How strong is gravity?

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acecharly

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How strong is gravity?
« on: 12/06/2012 21:36:40 »
We think of gravity as very weak, but when its possible to fit every human person on the planet into a grapefruit if you removed all the space between its nucleus and electrons, maybe it just doesnt have much to work with and is actually incredibly strong.

Any thoughts welcome

Cheers Ace

CliffordK

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Re: How strong is gravity?
« Reply #1 on: 12/06/2012 23:51:42 »
Interesting idea that the density of "normal matter" is in fact relatively low compared to the density of nuclear material.

Obviously chemical and intermolecular bonds hold a person together, and not gravity.  And gravity is much weaker than for example a Carbon-Carbon molecular bond.

In a sense "weight" is arbitrary, and just a measurement of our interactions with Earth's gravity.

Density is irrelevant when considering interactions between cosmic bodies.  The gravitational force between the Earth and moon would be the same if the Earth and moon were 10x as dense, or $$\frac{1}{10}$$ as dense, assuming the same mass.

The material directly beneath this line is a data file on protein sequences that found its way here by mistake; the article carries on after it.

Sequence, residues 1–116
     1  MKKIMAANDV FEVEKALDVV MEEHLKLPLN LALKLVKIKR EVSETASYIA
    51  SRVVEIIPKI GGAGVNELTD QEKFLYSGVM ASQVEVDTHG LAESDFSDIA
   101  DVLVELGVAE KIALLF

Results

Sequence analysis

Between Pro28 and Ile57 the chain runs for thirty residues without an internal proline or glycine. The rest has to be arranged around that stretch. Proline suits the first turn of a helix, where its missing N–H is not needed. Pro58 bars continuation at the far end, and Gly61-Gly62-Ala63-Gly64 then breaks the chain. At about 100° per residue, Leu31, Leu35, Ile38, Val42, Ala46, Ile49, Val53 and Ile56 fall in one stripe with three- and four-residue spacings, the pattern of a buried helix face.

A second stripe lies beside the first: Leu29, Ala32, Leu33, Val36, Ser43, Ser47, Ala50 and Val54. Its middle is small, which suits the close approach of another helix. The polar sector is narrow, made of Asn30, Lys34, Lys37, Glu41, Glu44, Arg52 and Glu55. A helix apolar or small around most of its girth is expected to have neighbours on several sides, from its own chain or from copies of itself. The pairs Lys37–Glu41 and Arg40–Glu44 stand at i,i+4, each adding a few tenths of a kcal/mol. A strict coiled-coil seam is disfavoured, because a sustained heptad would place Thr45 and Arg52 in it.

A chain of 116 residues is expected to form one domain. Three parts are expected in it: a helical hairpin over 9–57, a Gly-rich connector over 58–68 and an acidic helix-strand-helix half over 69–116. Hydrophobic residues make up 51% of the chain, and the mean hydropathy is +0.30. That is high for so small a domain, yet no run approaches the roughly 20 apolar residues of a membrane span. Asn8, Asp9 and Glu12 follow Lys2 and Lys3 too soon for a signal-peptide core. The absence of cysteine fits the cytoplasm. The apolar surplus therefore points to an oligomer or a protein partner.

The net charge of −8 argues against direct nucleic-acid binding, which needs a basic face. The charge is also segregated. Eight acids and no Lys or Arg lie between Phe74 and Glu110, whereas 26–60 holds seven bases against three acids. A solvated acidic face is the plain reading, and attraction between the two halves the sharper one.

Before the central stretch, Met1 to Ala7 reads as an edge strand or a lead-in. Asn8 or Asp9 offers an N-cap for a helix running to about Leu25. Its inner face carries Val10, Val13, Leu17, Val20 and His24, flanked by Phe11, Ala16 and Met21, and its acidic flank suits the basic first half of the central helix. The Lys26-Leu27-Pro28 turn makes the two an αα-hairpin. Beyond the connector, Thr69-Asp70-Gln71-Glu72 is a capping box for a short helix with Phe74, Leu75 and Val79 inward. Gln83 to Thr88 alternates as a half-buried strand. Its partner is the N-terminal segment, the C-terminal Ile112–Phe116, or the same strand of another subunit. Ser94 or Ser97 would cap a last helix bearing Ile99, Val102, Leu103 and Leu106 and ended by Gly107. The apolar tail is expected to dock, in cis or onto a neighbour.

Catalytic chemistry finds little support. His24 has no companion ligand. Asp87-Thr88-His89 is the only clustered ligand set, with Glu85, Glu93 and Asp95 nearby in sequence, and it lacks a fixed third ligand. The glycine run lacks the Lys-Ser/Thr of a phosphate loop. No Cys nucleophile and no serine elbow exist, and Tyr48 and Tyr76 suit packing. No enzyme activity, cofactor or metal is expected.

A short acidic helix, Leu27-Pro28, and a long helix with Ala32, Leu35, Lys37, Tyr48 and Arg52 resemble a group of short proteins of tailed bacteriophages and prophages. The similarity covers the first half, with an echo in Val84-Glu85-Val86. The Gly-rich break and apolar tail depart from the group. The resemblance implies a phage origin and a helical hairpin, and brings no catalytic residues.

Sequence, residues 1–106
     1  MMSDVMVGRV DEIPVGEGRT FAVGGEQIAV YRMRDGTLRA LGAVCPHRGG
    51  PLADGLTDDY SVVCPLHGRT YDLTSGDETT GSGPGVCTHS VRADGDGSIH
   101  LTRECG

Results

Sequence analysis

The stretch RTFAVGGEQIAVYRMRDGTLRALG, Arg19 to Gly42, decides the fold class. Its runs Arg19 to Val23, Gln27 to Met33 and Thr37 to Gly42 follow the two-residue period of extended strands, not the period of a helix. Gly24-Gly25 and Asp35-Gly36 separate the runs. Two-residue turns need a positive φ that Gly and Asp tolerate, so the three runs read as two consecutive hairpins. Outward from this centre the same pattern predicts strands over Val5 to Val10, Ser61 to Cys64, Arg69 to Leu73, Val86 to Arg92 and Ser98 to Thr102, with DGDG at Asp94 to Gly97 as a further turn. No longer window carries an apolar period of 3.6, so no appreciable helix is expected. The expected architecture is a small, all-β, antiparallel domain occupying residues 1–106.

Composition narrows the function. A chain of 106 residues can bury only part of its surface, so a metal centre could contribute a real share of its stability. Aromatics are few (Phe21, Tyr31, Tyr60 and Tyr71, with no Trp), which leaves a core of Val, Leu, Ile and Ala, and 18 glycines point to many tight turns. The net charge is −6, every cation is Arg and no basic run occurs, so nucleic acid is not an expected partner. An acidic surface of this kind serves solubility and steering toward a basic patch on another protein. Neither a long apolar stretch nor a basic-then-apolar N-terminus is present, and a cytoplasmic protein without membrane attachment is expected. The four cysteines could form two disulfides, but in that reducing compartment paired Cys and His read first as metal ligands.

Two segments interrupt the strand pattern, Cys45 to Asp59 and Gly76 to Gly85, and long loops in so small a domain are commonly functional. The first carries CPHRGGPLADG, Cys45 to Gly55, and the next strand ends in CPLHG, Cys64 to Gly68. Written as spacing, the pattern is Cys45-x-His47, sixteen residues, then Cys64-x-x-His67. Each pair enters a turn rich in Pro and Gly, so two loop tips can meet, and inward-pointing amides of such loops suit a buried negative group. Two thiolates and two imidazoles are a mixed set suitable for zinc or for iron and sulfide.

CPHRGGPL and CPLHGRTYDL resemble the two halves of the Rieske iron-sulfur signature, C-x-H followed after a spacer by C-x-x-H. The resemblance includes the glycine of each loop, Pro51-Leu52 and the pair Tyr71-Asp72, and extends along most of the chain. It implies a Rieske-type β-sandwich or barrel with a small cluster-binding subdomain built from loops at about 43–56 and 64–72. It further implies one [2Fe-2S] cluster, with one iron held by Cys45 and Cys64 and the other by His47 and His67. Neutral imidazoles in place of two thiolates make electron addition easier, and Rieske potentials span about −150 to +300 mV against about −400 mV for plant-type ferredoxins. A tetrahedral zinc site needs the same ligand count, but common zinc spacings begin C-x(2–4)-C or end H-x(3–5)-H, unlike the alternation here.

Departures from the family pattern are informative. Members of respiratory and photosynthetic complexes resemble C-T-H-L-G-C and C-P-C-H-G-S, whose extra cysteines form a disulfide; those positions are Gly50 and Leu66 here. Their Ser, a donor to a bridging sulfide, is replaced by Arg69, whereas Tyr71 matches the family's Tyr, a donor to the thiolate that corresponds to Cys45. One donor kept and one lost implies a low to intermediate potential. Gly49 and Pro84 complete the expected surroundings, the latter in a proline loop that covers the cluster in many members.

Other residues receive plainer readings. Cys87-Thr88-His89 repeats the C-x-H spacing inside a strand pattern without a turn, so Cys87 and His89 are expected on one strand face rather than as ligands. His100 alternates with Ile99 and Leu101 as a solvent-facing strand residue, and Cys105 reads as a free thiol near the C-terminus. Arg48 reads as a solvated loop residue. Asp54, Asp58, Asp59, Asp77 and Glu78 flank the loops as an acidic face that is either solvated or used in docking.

To us, the average density of planet Earth is more or less a measurement of the distance between us and the center of mass, so in part Earth's density is important.

Soul Surfer

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• keep banging the rocks together
Re: How strong is gravity?
« Reply #2 on: 13/06/2012 00:04:30 »
An interesting and very relevant point acecharly. This space exists because the electrons are fermions and need space because of their uncertainty.  Normal matter as we know it is incredibly dense compared the mean density of matter throughout the universe.  Even at the point where the cosmic microwave background was generated when the universe was around the temperature of the surface of a star it was less dense that the earth's atmosphere is now.  That's a helluva lot more space.

It is very interesting to think what might have created this space.  This is generally called Dark energy.  If there was a very light fermion that interacted only by gravity lets call it a gravitino.  it could well in effect create this space with its large uncertainty volume and gravitational repulsion when the pericles are too close together.
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